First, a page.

From the CD2 website
That big sigh of relief you heard this morning was from the city’s 91 neighborhood councils, who cheered a vote by the City Council Wednesday on a motion to they say will strengthen community empowerment.
The motion, by Councilmember Paul Krekorian, chair of the Education and Neighborhoods Committee, restored five positions to the embattled Department of Neighborhood Empowerment (DONE) and transfered $1.3 million to it from the Community Development Department (CDD).
“This is a budget-neutral action that does not cost taxpayers a dime, but still allows the department to function in support of neighborhood councils,” Krekorian said. “DONE’s budget and staffing have been decimated of late, so this fiscally prudent move was an important step to strengthen community participation in governance.”
In fact, DONE itself was close to decimation after the mayor proposed rolling the department into CDD during this year’s budget negotiations. Neighborhood councils railed against that proposal, fearing it would be the death knell for the community empowerment department after its funding – and staff positions – had been steadily siphoned off.
As late as 2008, DONE operated with 72 staff members to help the city’s neighborhood councils flourish. Earlier this year, as the city’s fiscal situation worsened, the department’s budget was greatly reduced as its staff was cut to 36 people. Later, that figure was slashed in half again, to 18, where it stood before Wednesday’s action.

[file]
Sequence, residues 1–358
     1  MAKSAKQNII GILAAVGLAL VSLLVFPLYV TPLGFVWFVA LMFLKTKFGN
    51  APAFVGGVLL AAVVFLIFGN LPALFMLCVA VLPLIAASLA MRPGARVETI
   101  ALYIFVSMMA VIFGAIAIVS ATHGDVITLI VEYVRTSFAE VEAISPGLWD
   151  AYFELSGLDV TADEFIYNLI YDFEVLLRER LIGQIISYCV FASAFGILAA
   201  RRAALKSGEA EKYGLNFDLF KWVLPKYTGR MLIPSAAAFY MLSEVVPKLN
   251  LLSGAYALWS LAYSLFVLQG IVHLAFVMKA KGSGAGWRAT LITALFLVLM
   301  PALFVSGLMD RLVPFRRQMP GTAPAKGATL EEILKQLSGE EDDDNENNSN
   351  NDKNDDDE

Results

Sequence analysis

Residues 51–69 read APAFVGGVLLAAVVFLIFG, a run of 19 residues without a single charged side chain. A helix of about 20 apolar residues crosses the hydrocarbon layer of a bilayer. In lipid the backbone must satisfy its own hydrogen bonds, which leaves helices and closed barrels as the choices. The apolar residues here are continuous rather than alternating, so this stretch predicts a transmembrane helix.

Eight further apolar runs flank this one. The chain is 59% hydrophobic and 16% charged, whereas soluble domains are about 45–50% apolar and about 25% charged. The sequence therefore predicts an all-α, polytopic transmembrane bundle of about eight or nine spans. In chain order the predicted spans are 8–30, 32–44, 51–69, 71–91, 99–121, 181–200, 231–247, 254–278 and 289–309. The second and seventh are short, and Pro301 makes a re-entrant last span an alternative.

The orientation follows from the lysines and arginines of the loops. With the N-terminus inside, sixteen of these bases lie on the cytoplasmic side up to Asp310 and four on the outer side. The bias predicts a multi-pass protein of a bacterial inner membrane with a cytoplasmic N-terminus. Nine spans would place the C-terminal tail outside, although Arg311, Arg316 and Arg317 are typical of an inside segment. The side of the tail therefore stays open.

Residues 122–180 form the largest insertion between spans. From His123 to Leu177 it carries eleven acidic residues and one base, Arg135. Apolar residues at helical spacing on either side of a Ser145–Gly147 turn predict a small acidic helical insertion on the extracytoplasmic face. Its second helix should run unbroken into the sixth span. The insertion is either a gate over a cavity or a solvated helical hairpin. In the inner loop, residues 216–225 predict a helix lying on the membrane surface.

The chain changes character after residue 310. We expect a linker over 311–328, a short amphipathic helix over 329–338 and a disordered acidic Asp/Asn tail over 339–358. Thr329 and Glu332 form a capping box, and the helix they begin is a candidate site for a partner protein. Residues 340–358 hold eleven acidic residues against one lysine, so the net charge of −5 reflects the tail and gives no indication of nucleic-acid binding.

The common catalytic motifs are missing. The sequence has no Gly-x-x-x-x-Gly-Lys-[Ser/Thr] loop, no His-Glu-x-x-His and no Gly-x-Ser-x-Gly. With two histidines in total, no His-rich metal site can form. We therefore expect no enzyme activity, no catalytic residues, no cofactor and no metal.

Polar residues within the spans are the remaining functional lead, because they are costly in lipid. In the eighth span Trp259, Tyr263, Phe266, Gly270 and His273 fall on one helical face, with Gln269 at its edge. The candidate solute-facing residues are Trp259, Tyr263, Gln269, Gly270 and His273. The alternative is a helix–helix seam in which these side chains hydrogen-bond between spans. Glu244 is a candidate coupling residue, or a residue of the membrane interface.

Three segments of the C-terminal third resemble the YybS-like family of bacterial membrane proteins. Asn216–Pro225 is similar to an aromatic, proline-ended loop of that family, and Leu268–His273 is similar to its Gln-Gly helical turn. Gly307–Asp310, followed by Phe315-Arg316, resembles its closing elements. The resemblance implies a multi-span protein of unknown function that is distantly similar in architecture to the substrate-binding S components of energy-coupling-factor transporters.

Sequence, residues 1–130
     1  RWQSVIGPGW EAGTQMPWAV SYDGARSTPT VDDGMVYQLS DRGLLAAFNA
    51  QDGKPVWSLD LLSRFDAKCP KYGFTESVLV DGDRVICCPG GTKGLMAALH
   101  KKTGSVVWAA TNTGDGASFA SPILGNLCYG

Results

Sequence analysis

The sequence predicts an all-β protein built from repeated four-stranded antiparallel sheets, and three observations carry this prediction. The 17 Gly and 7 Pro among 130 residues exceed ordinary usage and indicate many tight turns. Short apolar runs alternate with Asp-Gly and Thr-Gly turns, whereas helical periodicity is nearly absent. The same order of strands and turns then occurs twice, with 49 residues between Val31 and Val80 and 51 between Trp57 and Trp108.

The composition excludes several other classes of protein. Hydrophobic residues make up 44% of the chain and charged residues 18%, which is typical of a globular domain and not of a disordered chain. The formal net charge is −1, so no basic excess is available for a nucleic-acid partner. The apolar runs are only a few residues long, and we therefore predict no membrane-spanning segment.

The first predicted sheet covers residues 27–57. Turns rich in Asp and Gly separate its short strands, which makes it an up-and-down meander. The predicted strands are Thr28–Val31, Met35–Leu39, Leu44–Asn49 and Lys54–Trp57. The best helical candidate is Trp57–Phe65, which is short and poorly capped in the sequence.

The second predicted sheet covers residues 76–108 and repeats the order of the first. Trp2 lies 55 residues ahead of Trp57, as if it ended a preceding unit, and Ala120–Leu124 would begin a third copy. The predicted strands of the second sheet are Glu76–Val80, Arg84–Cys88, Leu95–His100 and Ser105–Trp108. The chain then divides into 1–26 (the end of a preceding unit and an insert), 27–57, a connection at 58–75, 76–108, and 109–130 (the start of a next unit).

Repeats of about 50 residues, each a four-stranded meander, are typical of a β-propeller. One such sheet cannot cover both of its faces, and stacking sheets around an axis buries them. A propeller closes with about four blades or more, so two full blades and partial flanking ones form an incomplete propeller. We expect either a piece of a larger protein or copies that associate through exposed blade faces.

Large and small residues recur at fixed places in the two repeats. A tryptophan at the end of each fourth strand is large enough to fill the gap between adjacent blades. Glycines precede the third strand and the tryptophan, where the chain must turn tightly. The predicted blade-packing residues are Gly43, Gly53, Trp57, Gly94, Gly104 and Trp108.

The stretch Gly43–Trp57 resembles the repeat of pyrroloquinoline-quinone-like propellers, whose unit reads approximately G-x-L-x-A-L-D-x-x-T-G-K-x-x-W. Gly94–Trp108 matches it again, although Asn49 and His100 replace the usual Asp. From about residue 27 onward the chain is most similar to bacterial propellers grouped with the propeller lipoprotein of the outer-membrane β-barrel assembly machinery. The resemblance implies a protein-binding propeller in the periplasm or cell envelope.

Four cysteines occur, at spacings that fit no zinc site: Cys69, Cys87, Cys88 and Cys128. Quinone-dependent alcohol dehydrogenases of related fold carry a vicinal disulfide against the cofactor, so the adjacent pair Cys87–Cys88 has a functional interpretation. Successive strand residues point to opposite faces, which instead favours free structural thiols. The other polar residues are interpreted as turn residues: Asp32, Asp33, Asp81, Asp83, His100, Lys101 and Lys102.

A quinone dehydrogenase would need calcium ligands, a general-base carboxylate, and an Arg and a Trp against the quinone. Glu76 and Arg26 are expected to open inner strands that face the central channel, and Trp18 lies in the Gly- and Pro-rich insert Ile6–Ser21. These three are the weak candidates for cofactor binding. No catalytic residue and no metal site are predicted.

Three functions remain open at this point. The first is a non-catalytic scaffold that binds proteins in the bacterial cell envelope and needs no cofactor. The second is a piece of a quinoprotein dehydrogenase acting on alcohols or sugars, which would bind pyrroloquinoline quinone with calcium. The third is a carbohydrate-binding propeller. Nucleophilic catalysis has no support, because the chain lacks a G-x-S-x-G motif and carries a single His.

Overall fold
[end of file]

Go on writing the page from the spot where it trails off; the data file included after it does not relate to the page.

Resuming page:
“Today’s vote was very major,” said Barbara Monaghan-Burke, chair of the Studio City Neighborhood Council’s Government Affairs Committee. “This is just the beginning of restructuring [DONE] as an independent system so we can operate most effectively.”
The 2010-11 adopted city budget provides $1.34 million to the CDD for functions that had been performed by DONE. Pursuant to the reccomendation of Krekorian’s committee, that amount of funding was transfered out of CDD and into DONE. The additional positions are to be paid for out of that existing funding.
“We’ve never wavered in our support for this,” said Nina Royal, a member of the Sunland-Tujunga Neighborhood Council and chair of the public safety committee. “This is great. It will strengthen DONE and give us better service.”
While many of DONE’s staff fan out across the city, helping the city’s neighborhood councils solve a plethora of problems, the five new positions will work internally to help the department function and maintain a high level of accountability.
While Krekorian cheered Wednesday’s action, he added that it was one step on the road to ensuring greater neighborhood empowerment.
“Today, we sent an important message to Los Angeles that we value the importance of neighborhood councils, and my office will always stand with those who care passionately about community empowerment,” he said. “However, this is not an end, but another important step as we continue to reorganize and improve one of our city’s most important movements.”